Around 4.7 if I remember correctly, a new “Interface Call” method was implemented in Blueprint, in addition to the Interface Messages that have been there for a while.
I understand how Interface Messages work and have used them extensively in the project we just shipped. I understand that Call Function on an Interface function just calls that function locally. But I don’t really understand what “Interface Call” is for.
There are several threads talking about Interface Calls vs Messages, however I believe the people answering those threads misunderstood the question as asking about calling interface functions locally (“Call Function”), not about “Interface Call”.
- What is Interface Call used for? Why does it take an Interface type variable as its target, and what are Interface type variables used for?
Below is an image about the 3 types of Interface interactions I’m talking about.
This is something that is long overdue some official documentation. Here’s my take.
As far as I can see, the direct call is only available in the case that your blueprint or a parent blueprint had the interface added to it. If instead it derived from a C++ class implementing the interface, you get InterfaceCall and no direct call option. I don’t know why this is, but my guess is that in practice there is no real difference between the two.
InterfaceMessage is different in that you call it on an arbitrary object, not knowing whether the object implements the interface. I imagine it is less performant as a result.
InterfaceType variables are useful in that they provide a safety guarantee - if the variable is not null, then it references some object that definitely implements the interface. So when you need to store or pass around something with that interface (which could be any object type), you can use this rather than passing around a variable of type Object, which you had to do previously. The latter wasn’t ideal since it could potentially be assigned an object which didn’t implement the interface.
I’m not sure, but I would guess there’s probably no longer any need to use InterfaceMessage at all. Anything that should store or operate on an interface should use the interface type for its variable/parameter. You can use the cast node to convert an object to an interface type.
I’m not sure I understand your answer.
The way I used Interfaces in our last project was to break the direct references between certain Blueprints. For example, our GameInstance blueprint directly referred to the character and some other Blueprints, which meant that the character and a bunch of unnecessary stuff was loaded on boot, which made our PS4 boot times atrocious.
I fixed this by using Interface Messages in places where I still needed to do something on the character from the Game Instance. Obviously it was then up to me to make sure the BP receiving the message implemented the Interface, but that wasn’t much of a problem.
For our next project, I want to use interfaces to both keep this direct referencing in check (for memory reasons), and to have different objects in our world react to the same event differently. For this, Interface Messages are the obvious solution to me.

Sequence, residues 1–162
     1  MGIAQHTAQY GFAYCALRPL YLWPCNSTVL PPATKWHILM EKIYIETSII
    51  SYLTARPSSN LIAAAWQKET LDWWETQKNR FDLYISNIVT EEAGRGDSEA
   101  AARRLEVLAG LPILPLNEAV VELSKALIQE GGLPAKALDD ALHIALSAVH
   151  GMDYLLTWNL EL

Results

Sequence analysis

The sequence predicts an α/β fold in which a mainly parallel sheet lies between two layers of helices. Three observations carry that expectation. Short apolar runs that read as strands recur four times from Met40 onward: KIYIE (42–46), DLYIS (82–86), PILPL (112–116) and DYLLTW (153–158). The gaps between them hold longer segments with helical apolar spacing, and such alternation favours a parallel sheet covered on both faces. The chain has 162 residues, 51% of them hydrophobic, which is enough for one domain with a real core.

In this above example, why would I want to use Interface Calls over Messages, and how would I use them? Could you give a specific example of Interface Call usage?
You should be able to use Interface Calls in essentially the same way that you were using Interface Messages. Taking your example, I’m not sure how exactly you were doing it, but let’s assume you got the character reference through a
So they’re both doing the same thing. I guess you could say the first is less hassle, but that’s only because it’s a bit of an unusual way to use an interface. For the most part, the dependency reduction should be achievable by using asset ID types rather than hard object references where applicable, and in the case you mentioned, having a base character blueprint that declares the functions your game instance needs to call, and overriding those functions in your full character blueprint. That way your game instance is dependent only on the base character class, which if you don’t configure all sorts of properties pointing to other assets, should be very lightweight.
The second use case you gave is I think a more standard way of using an interface. Let’s contrive an example where you have an inventory of objects, they could be any type underneath, but they need to implement this InteractableInterface. Your inventory can store an array of InteractableInterface types.
As I said in the first post, by using interface type variables, you just get some extra safety for free (you only allow objects that you know implement the interface to be added to the inventory). You probably also get a very minor performance improvement, because you only cast an object to the interface once and store it, whereas with interface messages, it would need to internally check to see if the object implements the interface on every call.
I realize these differences aren’t all that significant, and you could very well just continue to use interface messages if you prefer. For me, the main advantage is just that this addition has brought blueprint interfaces a little bit more in line with my idea of what an interface is.
Thanks for the explanation.
And yeah, the first use case I mentioned was more of a patch to a memory and dependency problem we realized far too late in the project, and it was before Async loading even existed in Blueprint (our project is 75%+ Blueprint). The real solution, as you mentioned, is setting up proper architecture of our classes.
How is this handled in C++? I’m having the same issue here with interface calling.
Assertion failed: 0 && "Do not directly call Event functions in Interfaces. Call Execute_MethodName instead."